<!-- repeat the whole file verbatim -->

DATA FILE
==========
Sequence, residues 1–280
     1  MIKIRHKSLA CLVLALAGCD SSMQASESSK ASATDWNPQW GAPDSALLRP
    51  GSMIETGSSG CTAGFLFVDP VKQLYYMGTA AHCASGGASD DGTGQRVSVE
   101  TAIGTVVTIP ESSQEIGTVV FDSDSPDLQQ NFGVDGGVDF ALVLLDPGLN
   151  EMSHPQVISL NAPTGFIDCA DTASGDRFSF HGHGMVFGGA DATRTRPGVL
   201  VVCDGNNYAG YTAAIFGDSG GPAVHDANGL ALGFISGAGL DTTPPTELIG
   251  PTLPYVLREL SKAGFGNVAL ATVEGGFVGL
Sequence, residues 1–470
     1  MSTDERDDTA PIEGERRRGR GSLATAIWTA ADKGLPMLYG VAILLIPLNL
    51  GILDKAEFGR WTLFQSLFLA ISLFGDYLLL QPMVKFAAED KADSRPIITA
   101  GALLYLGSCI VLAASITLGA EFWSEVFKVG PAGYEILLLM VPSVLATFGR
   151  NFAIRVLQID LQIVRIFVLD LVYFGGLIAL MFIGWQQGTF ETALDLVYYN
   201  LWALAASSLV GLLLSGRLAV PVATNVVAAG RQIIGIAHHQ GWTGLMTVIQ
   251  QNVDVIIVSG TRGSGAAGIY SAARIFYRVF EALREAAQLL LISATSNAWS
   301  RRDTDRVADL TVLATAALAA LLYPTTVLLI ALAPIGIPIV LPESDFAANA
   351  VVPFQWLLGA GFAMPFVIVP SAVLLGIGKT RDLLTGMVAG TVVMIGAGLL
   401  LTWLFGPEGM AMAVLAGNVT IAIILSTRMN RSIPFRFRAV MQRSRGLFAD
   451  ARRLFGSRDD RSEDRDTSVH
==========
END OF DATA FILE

Sequence, residues 1–280
     1  MIKIRHKSLA CLVLALAGCD SSMQASESSK ASATDWNPQW GAPDSALLRP
    51  GSMIETGSSG CTAGFLFVDP VKQLYYMGTA AHCASGGASD DGTGQRVSVE
   101  TAIGTVVTIP ESSQEIGTVV FDSDSPDLQQ NFGVDGGVDF ALVLLDPGLN
   151  EMSHPQVISL NAPTGFIDCA DTASGDRFSF HGHGMVFGGA DATRTRPGVL
   201  VVCDGNNYAG YTAAIFGDSG GPAVHDANGL ALGFISGAGL DTTPPTELIG
   251  PTLPYVLREL SKAGFGNVAL ATVEGGFVGL
Sequence, residues 1–470
     1  MSTDERDDTA PIEGERRRGR GSLATAIWTA ADKGLPMLYG VAILLIPLNL
    51  GILDKAEFGR WTLFQSLFLA ISLFGDYLLL QPMVKFAAED KADSRPIITA
   101  GALLYLGSCI VLAASITLGA EFWSEVFKVG PAGYEILLLM VPSVLATFGR
   151  NFAIRVLQID LQIVRIFVLD LVYFGGLIAL MFIGWQQGTF ETALDLVYYN
   201  LWALAASSLV GLLLSGRLAV PVATNVVAAG RQIIGIAHHQ GWTGLMTVIQ
   251  QNVDVIIVSG TRGSGAAGIY SAARIFYRVF EALREAAQLL LISATSNAWS
   301  RRDTDRVADL TVLATAALAA LLYPTTVLLI ALAPIGIPIV LPESDFAANA
   351  VVPFQWLLGA GFAMPFVIVP SAVLLGIGKT RDLLTGMVAG TVVMIGAGLL
   401  LTWLFGPEGM AMAVLAGNVT IAIILSTRMN RSIPFRFRAV MQRSRGLFAD
   451  ARRLFGSRDD RSEDRDTSVH